Default re: Dual Citizenship and taxes

If you are a US citizen or green card holder you remain subject to US tax on worldwide income & gains. You would continue to file an FBAR & Form 8938. Assuming you are self-employed you would file Schedule C & Form 8858 each year. After claiming credit for UK tax it is unlikely you would owe any US tax.

If the engagements are employments the engager of the work will want to consider UK corporate tax, VAT, employment law & PAYE issues.
Cook_County is offline  
Old Sep 22nd 2019, 6:56 pm
  #3  
tht
DE-UK-NZ-IE-US... the TYP
 
Joined: Mar 2010
Posts: 1,257
tht has a reputation beyond reputetht has a reputation beyond reputetht has a reputation beyond reputetht has a reputation beyond reputetht has a reputation beyond reputetht has a reputation beyond reputetht has a reputation beyond reputetht has a reputation beyond reputetht has a reputation beyond reputetht has a reputation beyond reputetht has a reputation beyond repute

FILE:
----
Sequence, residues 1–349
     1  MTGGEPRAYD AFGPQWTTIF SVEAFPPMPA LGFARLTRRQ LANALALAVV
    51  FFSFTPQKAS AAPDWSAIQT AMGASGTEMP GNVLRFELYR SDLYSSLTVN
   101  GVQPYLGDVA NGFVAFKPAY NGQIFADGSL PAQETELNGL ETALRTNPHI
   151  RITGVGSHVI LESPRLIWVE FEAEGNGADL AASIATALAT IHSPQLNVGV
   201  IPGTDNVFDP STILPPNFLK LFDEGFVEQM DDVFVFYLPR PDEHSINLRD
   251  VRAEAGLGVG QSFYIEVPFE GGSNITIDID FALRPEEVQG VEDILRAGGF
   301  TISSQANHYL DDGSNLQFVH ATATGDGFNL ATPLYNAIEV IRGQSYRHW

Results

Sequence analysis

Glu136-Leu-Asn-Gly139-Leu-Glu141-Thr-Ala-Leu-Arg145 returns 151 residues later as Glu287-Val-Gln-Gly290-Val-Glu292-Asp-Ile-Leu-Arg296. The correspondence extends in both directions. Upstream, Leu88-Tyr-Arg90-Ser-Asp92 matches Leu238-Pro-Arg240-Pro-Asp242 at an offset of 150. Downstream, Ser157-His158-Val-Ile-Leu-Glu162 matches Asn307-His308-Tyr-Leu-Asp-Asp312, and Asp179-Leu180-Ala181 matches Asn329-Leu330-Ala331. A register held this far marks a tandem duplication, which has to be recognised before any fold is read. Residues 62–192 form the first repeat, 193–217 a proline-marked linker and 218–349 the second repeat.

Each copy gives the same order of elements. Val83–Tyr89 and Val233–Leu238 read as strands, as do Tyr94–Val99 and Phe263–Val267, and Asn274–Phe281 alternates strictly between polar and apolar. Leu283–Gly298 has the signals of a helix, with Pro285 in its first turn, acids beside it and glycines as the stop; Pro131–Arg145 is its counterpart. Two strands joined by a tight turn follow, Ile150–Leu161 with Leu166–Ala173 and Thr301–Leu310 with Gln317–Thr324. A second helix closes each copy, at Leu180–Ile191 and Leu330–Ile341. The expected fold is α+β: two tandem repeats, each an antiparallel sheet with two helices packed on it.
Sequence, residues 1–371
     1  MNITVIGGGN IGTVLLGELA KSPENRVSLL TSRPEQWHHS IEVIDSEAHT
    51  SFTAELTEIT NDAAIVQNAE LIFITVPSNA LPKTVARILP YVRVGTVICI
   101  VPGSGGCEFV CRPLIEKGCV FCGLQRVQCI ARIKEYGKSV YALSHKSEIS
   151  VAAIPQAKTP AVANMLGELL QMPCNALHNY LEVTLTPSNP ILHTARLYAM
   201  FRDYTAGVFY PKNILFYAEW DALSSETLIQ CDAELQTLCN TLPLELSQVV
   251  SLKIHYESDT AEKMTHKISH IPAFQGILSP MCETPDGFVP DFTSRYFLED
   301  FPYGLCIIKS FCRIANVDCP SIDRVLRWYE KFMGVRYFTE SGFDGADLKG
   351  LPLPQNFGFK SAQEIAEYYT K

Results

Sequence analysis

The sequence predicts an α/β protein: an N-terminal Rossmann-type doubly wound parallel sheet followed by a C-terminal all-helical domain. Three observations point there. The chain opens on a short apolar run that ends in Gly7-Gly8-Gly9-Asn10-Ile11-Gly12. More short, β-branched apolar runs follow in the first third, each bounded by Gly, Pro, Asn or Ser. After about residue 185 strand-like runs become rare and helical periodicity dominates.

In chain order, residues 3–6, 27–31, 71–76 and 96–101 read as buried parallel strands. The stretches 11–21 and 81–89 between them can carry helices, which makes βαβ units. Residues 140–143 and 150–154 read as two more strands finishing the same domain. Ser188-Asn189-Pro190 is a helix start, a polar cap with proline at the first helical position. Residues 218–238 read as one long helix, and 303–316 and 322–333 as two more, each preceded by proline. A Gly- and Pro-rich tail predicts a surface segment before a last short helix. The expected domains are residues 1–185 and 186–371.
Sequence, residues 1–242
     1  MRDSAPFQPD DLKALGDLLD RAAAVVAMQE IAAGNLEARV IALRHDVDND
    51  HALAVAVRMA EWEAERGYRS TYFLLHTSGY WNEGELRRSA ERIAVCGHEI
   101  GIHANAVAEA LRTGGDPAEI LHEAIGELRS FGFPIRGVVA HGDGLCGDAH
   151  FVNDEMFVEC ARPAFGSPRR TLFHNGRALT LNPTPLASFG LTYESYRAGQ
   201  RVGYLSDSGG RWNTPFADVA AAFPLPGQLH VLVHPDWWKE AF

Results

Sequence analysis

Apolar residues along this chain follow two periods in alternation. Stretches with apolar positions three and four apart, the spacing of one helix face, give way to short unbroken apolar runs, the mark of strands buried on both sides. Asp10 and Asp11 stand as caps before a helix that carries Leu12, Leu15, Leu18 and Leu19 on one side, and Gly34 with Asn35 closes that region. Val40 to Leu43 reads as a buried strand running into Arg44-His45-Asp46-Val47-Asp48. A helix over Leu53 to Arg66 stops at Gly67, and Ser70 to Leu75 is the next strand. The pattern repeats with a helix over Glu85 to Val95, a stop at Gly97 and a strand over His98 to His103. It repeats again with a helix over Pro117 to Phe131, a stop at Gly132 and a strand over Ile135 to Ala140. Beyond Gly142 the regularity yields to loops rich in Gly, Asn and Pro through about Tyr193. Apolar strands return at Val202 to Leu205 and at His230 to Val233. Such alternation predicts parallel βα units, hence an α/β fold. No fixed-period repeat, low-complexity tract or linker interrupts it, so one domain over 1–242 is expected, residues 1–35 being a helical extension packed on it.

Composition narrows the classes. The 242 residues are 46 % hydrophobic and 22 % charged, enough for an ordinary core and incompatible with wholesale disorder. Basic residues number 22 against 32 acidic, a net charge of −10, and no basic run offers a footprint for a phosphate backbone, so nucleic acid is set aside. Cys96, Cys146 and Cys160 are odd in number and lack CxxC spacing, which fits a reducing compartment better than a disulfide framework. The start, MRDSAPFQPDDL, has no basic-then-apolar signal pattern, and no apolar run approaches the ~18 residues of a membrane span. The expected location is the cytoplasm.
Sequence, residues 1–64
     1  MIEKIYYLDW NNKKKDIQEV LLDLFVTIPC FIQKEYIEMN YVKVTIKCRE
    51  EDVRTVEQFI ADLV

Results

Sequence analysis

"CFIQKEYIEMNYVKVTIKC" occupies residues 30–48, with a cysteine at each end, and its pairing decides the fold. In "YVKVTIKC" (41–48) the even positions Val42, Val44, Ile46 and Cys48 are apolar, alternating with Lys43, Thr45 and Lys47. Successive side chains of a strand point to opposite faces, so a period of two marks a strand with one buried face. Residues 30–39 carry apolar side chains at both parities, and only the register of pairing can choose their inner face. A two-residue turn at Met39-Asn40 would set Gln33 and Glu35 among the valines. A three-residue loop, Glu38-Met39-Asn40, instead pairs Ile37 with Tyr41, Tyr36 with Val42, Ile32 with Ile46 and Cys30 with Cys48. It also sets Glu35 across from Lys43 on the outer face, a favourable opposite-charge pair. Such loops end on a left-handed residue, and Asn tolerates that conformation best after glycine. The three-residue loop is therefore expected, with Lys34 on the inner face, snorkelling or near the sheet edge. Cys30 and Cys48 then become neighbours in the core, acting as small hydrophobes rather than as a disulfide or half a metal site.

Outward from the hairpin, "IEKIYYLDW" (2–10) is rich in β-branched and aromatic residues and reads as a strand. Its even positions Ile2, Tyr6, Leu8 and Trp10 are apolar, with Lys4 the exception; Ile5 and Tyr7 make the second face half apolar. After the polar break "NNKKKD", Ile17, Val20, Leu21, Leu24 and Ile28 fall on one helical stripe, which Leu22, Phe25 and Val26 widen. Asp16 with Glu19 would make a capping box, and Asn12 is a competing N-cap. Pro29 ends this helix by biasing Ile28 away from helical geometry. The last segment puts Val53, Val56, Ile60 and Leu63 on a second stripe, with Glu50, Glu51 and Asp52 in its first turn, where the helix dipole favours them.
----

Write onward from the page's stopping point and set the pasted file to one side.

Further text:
Default re: Dual Citizenship and taxes

As a Us Citizen you get a foreign earned income exclusion, but if the income is from a US customer / employer I don’t think that would apply. Assuming it was 1099, they would still have to file that with the IRS , which country gets the tax and where you claim the credit may depend on where the payment is sent, a US bank account or U.K. one, US works on a worldwide basis while UK has the remittance concept. You should definitely get some advise and figure out the optimal setup, and maybe also consider where you will pay SS / NI as this could have an impact later in life.
tht is offline  
Old Sep 22nd 2019, 11:41 pm